Barber Association members, Hollie Pimm, Emily Robins, Jess Stallwood and Sarah Theobald, tell us about the New Art Gallery Walsall and some of their favourite works on display…
Earlier this year, the Barber Association organised a trip to the New Art Gallery Walsall for its members. This was certainly a treat as none of us had visited the gallery before. We had a private, behind-the-scenes tour of the collections with curator Julie Brown, which made the trip even more exciting for those of us art historians who see working in galleries as our dream jobs.
The Walsall gallery was built in 2000 and is a very modern and impressive building. Once inside, the gallery space is very intimate with a number of small rooms and big wooden staircases leading between floors. A great feature of the gallery is the fact that it offers artwork to suit all tastes, from panel paintings from the Renaissance to post-Impressionist and Modern works of art.
The main attraction of the gallery is its Garman Ryan collection, which was donated to the borough of Walsall by Kathleen Garman, the wife of well-known English sculptor Jacob Epstein. The collection is on permanent display and has a wealth of interesting artworks by a number of significant artists, such as Gauguin, Monet, Turner and Constable. We found the curating of the gallery very interesting; instead of the usual chronological grouping or the organisation of work according to artist, the artworks are arranged by general themes, such as landscape and townscape, animals and birds, portraits and religion, to name a few.
The New Art Gallery Walsall
Here are some of our favourite works of art from the trip:
Lucian Freud, Portrait of Kitty, 1949, Oil on board, 32 cm x 24 cm
This is a portrait by Lucian Freud of his first wife Kitty Garman, daughter of Kathleen Garman (donor of the main collection) and Jacob Epstein. Kitty was married to Freud in 1948 and therefore this portrait is from very early on in their marriage. Although their marriage together didn’t last very long, what strikes me about this portrait is that it is incredibly intimate. The viewer is left with the impression that they are very close to kitty, leaving us to imagine that she is right in front of us. The muted green and brown colours also make her delicate, pale skin glow and her beauty stand out to the viewer. The viewer takes on the role of the artist and we perhaps see her through his loving gaze.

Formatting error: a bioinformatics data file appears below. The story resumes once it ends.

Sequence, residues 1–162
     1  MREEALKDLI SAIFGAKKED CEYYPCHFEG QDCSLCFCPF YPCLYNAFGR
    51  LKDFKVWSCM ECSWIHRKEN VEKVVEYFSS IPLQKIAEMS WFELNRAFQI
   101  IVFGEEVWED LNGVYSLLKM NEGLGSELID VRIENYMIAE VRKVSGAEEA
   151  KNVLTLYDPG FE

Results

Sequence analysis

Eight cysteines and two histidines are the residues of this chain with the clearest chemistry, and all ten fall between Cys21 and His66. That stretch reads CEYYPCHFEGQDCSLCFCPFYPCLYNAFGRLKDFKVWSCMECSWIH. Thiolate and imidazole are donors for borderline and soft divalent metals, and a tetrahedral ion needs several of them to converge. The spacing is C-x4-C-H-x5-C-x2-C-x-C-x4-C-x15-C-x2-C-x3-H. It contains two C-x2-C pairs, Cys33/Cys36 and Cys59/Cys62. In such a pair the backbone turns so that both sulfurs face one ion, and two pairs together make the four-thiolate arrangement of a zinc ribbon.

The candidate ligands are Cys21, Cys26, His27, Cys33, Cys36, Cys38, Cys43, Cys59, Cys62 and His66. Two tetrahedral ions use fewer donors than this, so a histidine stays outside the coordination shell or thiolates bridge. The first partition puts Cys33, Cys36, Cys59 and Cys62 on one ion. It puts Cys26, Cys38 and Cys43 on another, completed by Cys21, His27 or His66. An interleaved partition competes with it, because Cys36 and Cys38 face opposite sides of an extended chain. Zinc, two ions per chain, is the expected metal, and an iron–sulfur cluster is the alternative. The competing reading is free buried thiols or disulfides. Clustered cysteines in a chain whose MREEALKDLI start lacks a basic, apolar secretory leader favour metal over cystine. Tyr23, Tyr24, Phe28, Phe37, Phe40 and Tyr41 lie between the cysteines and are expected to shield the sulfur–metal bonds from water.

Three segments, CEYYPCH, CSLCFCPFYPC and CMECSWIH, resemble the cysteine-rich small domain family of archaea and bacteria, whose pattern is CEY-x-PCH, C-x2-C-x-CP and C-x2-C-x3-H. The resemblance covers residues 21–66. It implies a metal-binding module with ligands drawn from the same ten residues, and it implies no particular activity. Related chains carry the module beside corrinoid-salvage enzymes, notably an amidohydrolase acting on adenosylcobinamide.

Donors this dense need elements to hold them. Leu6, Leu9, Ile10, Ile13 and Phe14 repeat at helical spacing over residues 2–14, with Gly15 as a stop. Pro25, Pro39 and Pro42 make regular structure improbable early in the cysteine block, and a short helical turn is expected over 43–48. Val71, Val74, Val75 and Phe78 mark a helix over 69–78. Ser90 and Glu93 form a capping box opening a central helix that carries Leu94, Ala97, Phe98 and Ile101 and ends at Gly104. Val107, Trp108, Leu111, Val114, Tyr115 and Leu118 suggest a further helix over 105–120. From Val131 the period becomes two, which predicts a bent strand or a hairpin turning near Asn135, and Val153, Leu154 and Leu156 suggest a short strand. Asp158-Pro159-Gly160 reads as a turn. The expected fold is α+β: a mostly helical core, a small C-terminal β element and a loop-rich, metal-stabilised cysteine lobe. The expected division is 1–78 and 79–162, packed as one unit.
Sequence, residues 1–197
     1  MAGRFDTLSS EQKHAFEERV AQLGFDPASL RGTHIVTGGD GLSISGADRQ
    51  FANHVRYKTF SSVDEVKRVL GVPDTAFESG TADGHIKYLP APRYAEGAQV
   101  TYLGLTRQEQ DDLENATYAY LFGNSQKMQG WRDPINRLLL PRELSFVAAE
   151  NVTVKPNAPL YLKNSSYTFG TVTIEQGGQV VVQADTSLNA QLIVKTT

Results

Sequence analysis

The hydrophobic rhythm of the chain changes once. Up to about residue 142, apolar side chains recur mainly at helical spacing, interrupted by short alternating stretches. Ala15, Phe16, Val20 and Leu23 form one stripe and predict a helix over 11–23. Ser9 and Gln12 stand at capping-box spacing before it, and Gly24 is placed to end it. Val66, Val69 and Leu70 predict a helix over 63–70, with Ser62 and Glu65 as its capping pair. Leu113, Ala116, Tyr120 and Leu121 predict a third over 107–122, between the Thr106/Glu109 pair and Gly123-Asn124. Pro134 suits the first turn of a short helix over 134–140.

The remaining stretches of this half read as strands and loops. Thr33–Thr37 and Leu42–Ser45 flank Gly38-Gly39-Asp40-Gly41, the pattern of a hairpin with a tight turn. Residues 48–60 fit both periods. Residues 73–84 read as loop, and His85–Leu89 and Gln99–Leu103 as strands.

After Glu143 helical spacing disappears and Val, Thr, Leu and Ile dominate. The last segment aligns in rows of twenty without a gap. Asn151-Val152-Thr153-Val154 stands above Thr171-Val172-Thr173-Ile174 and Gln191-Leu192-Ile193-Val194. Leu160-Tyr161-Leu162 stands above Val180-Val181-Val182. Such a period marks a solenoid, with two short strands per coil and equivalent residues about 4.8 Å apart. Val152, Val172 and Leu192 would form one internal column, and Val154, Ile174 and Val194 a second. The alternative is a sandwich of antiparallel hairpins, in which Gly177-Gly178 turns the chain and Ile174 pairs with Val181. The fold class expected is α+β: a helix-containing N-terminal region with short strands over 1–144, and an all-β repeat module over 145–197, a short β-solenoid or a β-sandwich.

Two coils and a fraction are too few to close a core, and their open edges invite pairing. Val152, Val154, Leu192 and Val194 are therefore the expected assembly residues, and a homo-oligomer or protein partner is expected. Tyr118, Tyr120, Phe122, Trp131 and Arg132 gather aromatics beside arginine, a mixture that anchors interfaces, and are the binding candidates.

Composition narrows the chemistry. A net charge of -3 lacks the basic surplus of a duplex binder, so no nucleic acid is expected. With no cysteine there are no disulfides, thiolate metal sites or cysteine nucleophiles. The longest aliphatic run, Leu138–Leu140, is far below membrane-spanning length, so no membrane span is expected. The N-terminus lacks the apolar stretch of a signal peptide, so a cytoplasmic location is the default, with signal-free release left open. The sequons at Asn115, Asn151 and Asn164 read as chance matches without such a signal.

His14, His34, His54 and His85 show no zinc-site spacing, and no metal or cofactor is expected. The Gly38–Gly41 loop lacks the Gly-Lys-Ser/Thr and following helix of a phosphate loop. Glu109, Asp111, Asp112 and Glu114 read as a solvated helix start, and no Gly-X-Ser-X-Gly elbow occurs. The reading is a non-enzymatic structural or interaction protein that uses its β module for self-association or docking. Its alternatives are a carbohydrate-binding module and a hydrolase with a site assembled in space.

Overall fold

What fascinated me the most was the archive interventions provided by leading contemporary artist – Bob and Roberta Smith, in his ‘Epstein Archive Gallery.’ Smith’s two year residency at Walsall has resulted in an installation which not only illuminates the interesting history of the Epstein Family, but allows viewers to interact and engage with archival items and gain a deeper understanding not just of the family, but of the collection itself. Furthermore, the artistic response to the letters, photographs and diaries which form the archive basis is in keeping with the themes present in the permanent collection at Walsall, whilst remaining committed to the gallery programme which seeks to explore the diversity of contemporary art.
Gauguin, Auti Te Pape, c.1893-1894, woodcut
While wandering round the New Art Gallery Walsall I found myself amongst a great number of artworks by some of the most important artists in history, such as Paul Gauguin (1848-1903). Personally, I have always been fascinated by the life and work of the French post-Impressionist and I was excited to discover that Auti Te Pape (c.1893-1894), a woodcut by the artist, was part of the collection.
As a man who chose to abandon his family and ‘civilized’ life in Europe, Gauguin developed a reputation as an artist attempting a return to man-kind’s so-called ‘primitive’ origins and connection with nature. His time living and painting in Tahiti towards the end of the nineteenth century was seen by many as an escape from the artifice of modern and industrialized France. This particular print depicts two Tahitian women, supposedly unaware of the artist’s gaze. The stylized impressions made by woodcut prints were perhaps used to represent the seeming honesty and purity of the Tahitian people. The simplified and inky markings perhaps symbolise the exotic and erotic myth which Gauguin presented to his stifled and constrained Western world.
Dante Gabriel Rossetti, Portrait of Elizabeth Siddall, The Artist’s Wife, pencil on paper, 23cm x 19.5cm
‘This particular drawing depicts Lizzie being interrupted whilst reading, with her head propped on her hands as her famous copper hair cascades down her back.’
Being a fervent admirer of the Pre-Raphaelites, spotting this painting was a pure delight. I immediately thought that it was a very intimate portrait of Lizzie Siddall, with her dream-like gaze from her heavily hooded eyes and the soft touch of her hands on her jaw line. Although Rossetti’s speed can be seen in his pencil strokes, he has arguably taken great care to capture his beautiful wife. Another thing to note about this work is its title. It is hoped that ‘Portrait of Elizabeth Siddall, The Artist’s Wife’ was the title that Rossetti himself gave to the drawing because it suggests that he was accepting commitment as they were married the same year in which this drawing was made. By titling the drawing of Elizabeth Siddall in this way, it might suggest a grand loving gesture from him to his new wife who was suffering from depression. It is unlikely that he would have named a sketch, but it was found on the wall of his studio after he died.
Overall, we all thoroughly enjoyed our trip organised by the Barber Association, and we were very lucky to get a sneak peak behind the scenes of the gallery. The gallery is definitely worth a visit – it is only 20 minutes away from Birmingham by train and has lots of hidden treasures in its collection…
Hollie Pimm, Emily Robins, Jess Stallwood, Sarah Theobald